First off I know there a bunch of similar questions on the site - but I'm left very confused even after reading them.

I've see the info on the europa.eu site but I'm not entirely sure how to interpret it.

I'm a UK national - my wife is a Chinese national and we currently reside in China.

I have family in Switzerland who we would like to visit - but how exactly would we go about doing a visa for my wife?

The material online says:

Before travelling, check which these are with the consulate or embassy of the destination country.

Although our goal is to go to Switzerland - being in Europe is quite convenient to travel - so would we need to check with the consulates of every single country we would want to go?

Does being married actually make any difference?!

What visa would we apply for?!

Any ideas at all!?


2 Answers 2


You have to make a distinction between the Schengen area on the one hand and the UK, Ireland, Cyprus, Romania, Bulgaria and Croatia on the other hand. All EU countries should grant your wife the right to travel together with you (but not alone) with minimal formalities but those that are not in the Schengen area might still require her to get a separate visa.

For the Schengen area, you only need one visa. So if you want to go to Switzerland (technically Switzerland is not in the EU but for this purpose, it's pretty much the same for the time being), you would apply to the Swiss consulate. With the visa issued by the Swiss consulate you will also be able to travel in most of the EU without any other formalities (but, again, not to the UK, Ireland, etc.)

If you really want to visit all non-Schengen EU countries, then yes, you might need up to 5 or 6 visas (although Romania, Bulgaria, Croatia and Cyprus have some special rules for Schengen visa holders so it might be possible to go there with your wife's Schengen visa as well).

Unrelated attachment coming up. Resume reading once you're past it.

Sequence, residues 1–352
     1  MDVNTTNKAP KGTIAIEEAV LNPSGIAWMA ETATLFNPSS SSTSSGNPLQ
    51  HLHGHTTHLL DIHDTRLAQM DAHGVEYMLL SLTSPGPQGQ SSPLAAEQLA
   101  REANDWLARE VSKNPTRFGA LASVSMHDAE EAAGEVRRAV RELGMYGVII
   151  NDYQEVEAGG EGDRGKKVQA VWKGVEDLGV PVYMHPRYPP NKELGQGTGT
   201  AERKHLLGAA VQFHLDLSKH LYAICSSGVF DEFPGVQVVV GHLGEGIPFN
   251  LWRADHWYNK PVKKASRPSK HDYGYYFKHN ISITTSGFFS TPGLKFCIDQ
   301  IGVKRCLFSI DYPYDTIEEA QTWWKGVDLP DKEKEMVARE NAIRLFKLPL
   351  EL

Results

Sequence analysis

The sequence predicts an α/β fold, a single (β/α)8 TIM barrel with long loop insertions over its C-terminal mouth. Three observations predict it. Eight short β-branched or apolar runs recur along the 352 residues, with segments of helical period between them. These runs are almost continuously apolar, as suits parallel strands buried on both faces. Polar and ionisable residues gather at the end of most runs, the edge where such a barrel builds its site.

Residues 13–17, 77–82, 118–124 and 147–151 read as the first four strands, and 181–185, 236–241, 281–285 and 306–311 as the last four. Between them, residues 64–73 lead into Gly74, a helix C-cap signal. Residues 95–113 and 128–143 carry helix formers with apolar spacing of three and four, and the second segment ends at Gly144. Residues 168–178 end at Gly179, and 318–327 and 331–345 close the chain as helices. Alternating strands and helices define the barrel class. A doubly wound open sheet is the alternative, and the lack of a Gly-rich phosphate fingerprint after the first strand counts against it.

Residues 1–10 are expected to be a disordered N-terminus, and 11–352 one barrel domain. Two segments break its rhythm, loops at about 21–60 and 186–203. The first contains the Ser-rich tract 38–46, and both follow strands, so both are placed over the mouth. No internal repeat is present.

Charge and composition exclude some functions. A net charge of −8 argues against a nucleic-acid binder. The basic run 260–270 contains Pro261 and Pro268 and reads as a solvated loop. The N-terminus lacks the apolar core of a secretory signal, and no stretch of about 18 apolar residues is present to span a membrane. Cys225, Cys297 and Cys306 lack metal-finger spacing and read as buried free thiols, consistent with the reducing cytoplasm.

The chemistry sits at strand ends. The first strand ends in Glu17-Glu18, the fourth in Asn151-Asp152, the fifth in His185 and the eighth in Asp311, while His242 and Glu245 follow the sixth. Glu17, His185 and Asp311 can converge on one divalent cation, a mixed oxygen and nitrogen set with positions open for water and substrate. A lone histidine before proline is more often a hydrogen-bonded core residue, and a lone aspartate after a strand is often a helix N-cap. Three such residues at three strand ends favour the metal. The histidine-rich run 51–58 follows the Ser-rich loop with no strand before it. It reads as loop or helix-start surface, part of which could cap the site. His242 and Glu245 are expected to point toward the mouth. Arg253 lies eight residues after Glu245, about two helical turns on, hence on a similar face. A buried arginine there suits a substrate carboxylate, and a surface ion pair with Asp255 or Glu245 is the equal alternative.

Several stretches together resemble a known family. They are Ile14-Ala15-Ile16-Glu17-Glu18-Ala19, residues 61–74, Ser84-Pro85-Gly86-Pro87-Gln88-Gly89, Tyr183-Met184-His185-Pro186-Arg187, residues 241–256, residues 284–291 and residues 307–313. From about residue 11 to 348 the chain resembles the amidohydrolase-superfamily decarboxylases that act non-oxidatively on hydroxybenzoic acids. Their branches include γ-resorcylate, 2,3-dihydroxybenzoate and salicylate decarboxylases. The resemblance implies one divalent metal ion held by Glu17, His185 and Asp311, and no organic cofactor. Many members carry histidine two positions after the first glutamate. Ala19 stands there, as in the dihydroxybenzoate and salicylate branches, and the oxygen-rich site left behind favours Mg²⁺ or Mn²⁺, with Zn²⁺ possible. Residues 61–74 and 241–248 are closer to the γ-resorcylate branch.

Furthermore, being married should in principle make things easier (at least in the EU proper, not entirely sure about Switzerland, see comments). In your quote, “these” in “check what these are” should be something like a marriage certificate, not the whole documentation package (insurance & financials & itinerary) that other applicants have to provide and the consulates have very little discretion in deciding to issue the visa or not. The visa should also be free of charge (regular Schengen visa fees are currently EUR 60).

Beware, however, all those rules only apply if you are travelling together as they are derived from your right, as EU citizen, to travel freely in the EU. Note that, since you are a UK citizen, these rules also do not generally apply to the UK. Going there might even be more difficult, depending on UK law.

  • Well you certainly do make things clear now, don't you.
    – Mou某
    Commented May 17, 2014 at 16:00
  • I was just told by someone who, apparently, represents the Swiss embassy that the only thing we get is free insurance (or we don't need to pay insurance fees or whatever that means). Also, that we need to prepare the same amount of documentation as anyone else would. So....? Any ideas?
    – Mou某
    Commented May 19, 2014 at 7:28
  • 1
    @user3306356 It's not uncommon for consulates (and especially for outsourcing companies) not to know the rules but Switzerland is a bit of an odd case. I still believe this situation is covered by their bilateral agreements with the EU but it's possible than it's not. Even if it is, it might be more difficult to have your rights recognized as the country is not a full member (e.g. SOLVIT, which would be the next thing to try, does not cover Switzerland).